My favorite local muni is still cleaning up the golf course from winter and spring storms. It’s a big job on a course lined by so many mature trees.
After a relatively mild winter, southeast Michigan has experienced a puzzling spring. March arrived in April; April arrived in May. All of our weather seems to be a month behind.
A wind storm on March 8 brought sustained velocities of 60 mph or more. That left more than one million without power, uprooted trees and just generally created a horrific mess. Even with the aid of outstate linemen, it took a week to get everyone back online.
The event was even more notable for its lack of accompanying thunderstorms. The wind blew in on a sunny day.
On my home course, a large number of trees were uprooted. Branches were everywhere.
That freak event aside, there seem to be more blustery days than usual this spring. My sense is that trees damaged, but not catastrophically, by the March windstorm now are shedding those cracked branches and trunks.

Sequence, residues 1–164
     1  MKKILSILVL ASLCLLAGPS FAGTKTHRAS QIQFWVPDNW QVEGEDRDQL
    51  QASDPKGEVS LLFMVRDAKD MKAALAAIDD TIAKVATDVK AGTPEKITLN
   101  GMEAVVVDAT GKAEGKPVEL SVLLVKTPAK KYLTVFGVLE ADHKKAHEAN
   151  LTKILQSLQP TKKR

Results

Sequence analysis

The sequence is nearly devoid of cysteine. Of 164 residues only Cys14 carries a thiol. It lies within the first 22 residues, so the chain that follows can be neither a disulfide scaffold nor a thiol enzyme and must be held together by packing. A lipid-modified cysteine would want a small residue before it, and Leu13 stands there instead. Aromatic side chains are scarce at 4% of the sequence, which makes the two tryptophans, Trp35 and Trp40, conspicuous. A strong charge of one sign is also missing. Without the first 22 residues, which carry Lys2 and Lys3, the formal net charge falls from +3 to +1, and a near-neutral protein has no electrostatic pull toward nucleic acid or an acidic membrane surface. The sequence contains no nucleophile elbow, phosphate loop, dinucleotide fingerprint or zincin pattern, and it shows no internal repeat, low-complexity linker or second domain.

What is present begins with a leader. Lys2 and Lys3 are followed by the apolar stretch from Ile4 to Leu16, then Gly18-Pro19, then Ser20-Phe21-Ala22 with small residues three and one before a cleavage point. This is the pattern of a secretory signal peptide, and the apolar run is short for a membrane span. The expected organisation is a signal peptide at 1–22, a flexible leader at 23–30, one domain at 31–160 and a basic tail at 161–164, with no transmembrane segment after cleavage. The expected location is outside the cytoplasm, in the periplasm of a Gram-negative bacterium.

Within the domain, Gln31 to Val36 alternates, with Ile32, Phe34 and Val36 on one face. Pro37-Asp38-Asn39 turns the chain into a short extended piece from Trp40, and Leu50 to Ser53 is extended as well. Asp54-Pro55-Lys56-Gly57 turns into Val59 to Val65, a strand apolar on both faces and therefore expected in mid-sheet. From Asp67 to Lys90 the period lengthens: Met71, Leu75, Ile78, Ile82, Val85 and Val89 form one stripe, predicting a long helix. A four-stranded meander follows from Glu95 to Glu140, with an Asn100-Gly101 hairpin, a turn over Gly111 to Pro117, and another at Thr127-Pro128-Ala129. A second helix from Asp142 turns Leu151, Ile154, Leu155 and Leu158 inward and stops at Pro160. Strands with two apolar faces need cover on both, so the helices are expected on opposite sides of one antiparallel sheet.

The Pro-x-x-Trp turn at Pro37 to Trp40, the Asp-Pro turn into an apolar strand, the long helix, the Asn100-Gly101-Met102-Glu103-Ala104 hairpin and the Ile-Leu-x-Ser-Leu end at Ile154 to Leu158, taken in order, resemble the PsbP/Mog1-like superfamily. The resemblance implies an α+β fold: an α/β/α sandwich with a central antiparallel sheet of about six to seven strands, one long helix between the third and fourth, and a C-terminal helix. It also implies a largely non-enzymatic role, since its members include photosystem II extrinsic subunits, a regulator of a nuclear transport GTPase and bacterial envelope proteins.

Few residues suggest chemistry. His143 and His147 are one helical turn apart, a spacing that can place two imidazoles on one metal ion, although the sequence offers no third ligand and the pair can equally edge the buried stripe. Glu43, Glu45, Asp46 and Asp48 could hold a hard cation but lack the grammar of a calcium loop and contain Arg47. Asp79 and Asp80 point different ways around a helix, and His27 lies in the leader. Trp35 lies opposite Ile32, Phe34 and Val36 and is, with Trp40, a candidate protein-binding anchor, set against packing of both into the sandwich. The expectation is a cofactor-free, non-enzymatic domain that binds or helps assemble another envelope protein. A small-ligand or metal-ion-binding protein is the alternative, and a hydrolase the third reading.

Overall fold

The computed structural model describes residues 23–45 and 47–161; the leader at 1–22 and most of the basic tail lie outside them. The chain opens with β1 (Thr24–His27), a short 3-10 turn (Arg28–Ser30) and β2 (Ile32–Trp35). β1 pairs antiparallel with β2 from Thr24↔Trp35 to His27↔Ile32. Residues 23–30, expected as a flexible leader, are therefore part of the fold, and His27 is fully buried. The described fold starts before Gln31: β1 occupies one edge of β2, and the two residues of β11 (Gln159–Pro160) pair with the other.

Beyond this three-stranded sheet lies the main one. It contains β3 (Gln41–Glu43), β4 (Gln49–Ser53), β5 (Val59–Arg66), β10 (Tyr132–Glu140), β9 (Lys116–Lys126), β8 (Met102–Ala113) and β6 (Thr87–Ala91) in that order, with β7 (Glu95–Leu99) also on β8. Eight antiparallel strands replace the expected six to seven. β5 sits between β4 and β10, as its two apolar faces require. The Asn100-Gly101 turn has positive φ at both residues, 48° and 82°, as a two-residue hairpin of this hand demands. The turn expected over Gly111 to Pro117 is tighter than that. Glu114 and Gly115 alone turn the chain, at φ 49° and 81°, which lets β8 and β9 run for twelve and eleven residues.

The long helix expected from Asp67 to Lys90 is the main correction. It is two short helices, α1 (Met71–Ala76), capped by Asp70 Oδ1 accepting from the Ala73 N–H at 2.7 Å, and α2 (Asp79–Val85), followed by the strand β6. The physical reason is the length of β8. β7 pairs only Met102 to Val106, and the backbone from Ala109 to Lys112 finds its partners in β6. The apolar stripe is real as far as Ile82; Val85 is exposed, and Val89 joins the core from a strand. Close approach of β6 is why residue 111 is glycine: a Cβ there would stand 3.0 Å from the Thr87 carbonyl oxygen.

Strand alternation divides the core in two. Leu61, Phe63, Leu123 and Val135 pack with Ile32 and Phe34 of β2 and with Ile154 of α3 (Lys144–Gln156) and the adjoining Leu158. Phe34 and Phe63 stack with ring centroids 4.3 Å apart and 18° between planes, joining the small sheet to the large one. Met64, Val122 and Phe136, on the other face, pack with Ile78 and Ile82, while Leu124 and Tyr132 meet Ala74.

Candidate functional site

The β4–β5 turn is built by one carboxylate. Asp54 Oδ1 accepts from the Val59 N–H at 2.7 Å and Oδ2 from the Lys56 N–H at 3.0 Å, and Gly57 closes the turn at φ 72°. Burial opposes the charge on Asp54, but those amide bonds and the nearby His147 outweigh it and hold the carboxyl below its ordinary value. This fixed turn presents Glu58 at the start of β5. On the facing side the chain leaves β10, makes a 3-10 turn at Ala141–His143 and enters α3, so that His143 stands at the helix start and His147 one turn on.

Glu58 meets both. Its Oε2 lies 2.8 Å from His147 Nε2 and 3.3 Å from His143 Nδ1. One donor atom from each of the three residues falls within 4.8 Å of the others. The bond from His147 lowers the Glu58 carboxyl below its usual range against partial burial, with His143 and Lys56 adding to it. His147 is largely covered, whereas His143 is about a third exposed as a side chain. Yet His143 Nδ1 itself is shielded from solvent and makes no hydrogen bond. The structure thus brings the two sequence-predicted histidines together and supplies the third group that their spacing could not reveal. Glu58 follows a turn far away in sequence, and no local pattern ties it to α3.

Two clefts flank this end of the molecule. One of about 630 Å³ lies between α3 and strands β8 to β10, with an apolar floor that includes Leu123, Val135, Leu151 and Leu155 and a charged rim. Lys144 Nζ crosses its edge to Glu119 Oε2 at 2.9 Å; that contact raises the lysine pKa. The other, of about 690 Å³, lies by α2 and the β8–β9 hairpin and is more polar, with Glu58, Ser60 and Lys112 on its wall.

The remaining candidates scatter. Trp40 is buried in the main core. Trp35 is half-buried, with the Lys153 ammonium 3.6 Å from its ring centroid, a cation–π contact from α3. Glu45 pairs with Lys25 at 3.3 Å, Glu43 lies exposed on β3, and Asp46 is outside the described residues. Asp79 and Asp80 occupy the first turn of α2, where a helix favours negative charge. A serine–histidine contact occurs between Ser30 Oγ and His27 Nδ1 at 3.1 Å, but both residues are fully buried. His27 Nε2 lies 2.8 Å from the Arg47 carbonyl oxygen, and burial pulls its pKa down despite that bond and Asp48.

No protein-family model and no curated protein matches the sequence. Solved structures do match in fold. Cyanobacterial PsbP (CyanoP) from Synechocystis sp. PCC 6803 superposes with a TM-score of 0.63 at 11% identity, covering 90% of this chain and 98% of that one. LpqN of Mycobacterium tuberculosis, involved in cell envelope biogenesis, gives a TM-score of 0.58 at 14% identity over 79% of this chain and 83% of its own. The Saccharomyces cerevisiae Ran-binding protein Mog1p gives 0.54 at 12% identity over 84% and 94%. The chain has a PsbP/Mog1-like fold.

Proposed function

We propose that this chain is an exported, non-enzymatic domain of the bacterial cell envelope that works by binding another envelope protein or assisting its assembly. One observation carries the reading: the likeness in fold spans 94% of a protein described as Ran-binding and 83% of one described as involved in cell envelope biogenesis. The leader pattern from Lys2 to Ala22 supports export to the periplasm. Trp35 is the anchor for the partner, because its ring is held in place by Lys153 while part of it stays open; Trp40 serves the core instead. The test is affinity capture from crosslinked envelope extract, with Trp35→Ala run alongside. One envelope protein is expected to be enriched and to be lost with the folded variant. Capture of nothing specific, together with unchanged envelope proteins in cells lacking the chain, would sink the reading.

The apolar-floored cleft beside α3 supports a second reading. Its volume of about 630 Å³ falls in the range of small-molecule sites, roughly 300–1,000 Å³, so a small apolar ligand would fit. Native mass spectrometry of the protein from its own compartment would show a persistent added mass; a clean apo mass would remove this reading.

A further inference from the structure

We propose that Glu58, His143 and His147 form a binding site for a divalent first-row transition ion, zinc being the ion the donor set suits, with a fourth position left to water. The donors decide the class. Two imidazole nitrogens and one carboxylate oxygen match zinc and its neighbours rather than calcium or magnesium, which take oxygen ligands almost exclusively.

Whatever the cause, the result is a big mess for the groundskeepers. Branches large and small are everywhere. Fairways, greens and tee boxes are clear, but in areas just off the course, it still is a sea of twigs.
I don’t blame course management. Like most local government endeavors these days, the course is underfunded and understaffed. Golf is a hard sell in good years, and these are the days of taxpayer revolt and fiscal squeezes from the state house. Given that, I think that we are lucky to have a course as good as we have.
An older member I played with the other day reminisced about the days when course conditions always were pristine thanks to the labor of prisoners from the local jail. In exchange for an opportunity to get outside the bars, they were pressed into picking up sticks, trash and other debris on the course.
Not an option anymore, it seems. Too bad.
I have long thought that a municipal golf course would be a good place to create a partnership with local schools and employment agencies. Teens (and others) could get entry-level work experience maintaining the course. A caddy program would be unusual for a muni, but grounds crews would fit nicely. It seems to me as though it would be a win for everyone.